OPINION: Oslo gender summit: Without funding, any pledges and agreements remain words on a page

by Caroline Kende-Robb | CARE International
Thursday, 23 May 2019 16:00 GMT

ARCHIVE PHOTO: Women walk towards a U.N. peacekeeper patrolling in Bentiu, Unity State, South Sudan, June 18, 2014. REUTERS/Andreea Campeanu

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International community must rally together to uphold women’s and girls’ rights where they are furthest behind: in conflict and emergency settings

Caroline Kende-Robb, Secretary General for CARE International.

With several global summits, international fora and high-level conferences committed to ending sexual and gender-based violence (SGBV) happening with regular frequency, what tangible changes have since been made? How far have the rallying cries of #CalltoActionGBV, #endGBV and #GBV rang to convert global centres of power into prompting real change?

Norway will make history this week as the first country to raise money for theme rather than a specific country in crisis by hosting the pledging conference; Ending Sexual and Gender Based Violence in Humanitarian Crises. The United Nations refers to gender-based violence as a global pandemic. But worryingly we are seeing increasing trends against gender equality and women’s human rights that are threatening some of the hard-won gains of the last two decades.

World leaders at G7 gender equality ministerial meeting held in Paris a fortnight ago, missed the mark on gender. At that summit, a declaration in favour of women’s and girls’ rights was endorsed, which was a good step forward. Yet they left a notable gap in their agreement by not acknowledging the central issue of women’s sexual and reproductive rights.. Furthermore, the final agreement remains unclear about financial support for grassroots organizations at the forefront of fighting SGBV.

This compromise is not dissimilar to an incident a few weeks before at the UN Security Council where language stating that survivors of sexual violence in conflict were entitled to “comprehensive sexual and reproductive health services” was dropped. This language had prevailed for over six years.

We know from studies and experience that the scale and severity of humanitarian emergencies is worsening while protracted crises are on the rise. Just take the double whammy of cyclones that hit Mozambique in March and April this year – Idai and Kenneth – events that are likely to worsen with the growing threat of the climate crisis.  Add to these an increasing number of intra-state conflicts, record levels of forced displacement and rising inequality and the result is a precarious existence for billions of people, with women and girls most at risk.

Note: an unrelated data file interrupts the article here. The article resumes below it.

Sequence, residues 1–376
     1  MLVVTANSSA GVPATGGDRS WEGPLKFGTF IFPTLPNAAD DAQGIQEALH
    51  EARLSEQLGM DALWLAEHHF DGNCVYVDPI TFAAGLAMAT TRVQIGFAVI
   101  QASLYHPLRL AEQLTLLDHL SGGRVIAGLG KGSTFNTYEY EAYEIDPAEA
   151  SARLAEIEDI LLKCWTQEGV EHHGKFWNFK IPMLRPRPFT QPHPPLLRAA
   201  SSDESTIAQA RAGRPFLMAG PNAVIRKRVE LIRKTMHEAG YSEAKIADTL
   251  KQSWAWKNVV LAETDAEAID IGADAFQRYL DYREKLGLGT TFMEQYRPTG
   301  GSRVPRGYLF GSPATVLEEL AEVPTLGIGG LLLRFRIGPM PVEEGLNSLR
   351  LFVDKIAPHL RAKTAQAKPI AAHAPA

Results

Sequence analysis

The dynamics of disasters are inherently gendered because they have different impacts on women than men, and on girls compared to boys. We know that conflicts, natural disasters and mass displacement exacerbate existing gender inequalities, which triggers patterns of increased gender-based violence. This might include an increase in intimate partner violence, but it could also give rise to new forms of GBV like trafficking or early child marriage.

The need and demand for life-saving sexual and reproductive health services increases during times of conflict and crisis because this is when women and adolescent girls are at increased risk of unintended pregnancy, life-threatening complications from pregnancy and maternal death. Some 60 per cent of all preventable maternal deaths take place in fragile and crisis-affected settings.

Yet too often women and girls can not access these critical and life-saving services because they simply don’t exist. Providing comprehensive emergency medical care in the wake of a cyclone or during an armed conflict is possible but currently it is simply not a priority These services are not optional; they are the bare minimum that women and girls are entitled to access in emergencies and at any other time.

The Oslo conference provides governments with a rare opportunity to listen to the voices of some 150 women from around the world who will be in attendance. They will hear some truly amazing success stories about what women-led organisations are doing to make sure no one is left behind in their communities. These are the organisations that communities know and trust. These are the first responders that women and girls will turn to when crisis strikes. They need to be there, providing a comprehensive range of services in a non-discriminatory manner. 

CARE is calling on all actors in Oslo to ensure a comprehensive approach in addressing all forms of gender-based violence. We believe in a survivor-centered approach where women and girls are at the center. Donors, civil society organisations, local actors and governments (including the G7) are taking important steps to enact new policies and establish new standards to tackle SGBV. But we need to quicken the pace of change. Shockingly, only 3-4% of all humanitarian spending goes to protection activities. Less than 1% is spent on gender-based violence.

Long-term, predictable funding for local women and girls’ rights is a crucial part of the transformation we seek, without which policies stay on the page and are not implemented. Other vital steps include ensuring more meaningful participation by women in the very fora where decisions are taken (frequently by men) on issues that concern them specifically.

The international community must rally together to uphold women’s and girls’ rights where they are furthest behind: in conflict and emergency settings. To achieve this, humanitarian funding structures and compliance systems must be adjusted to put women's and girls' rights actors at the forefront of every humanitarian response.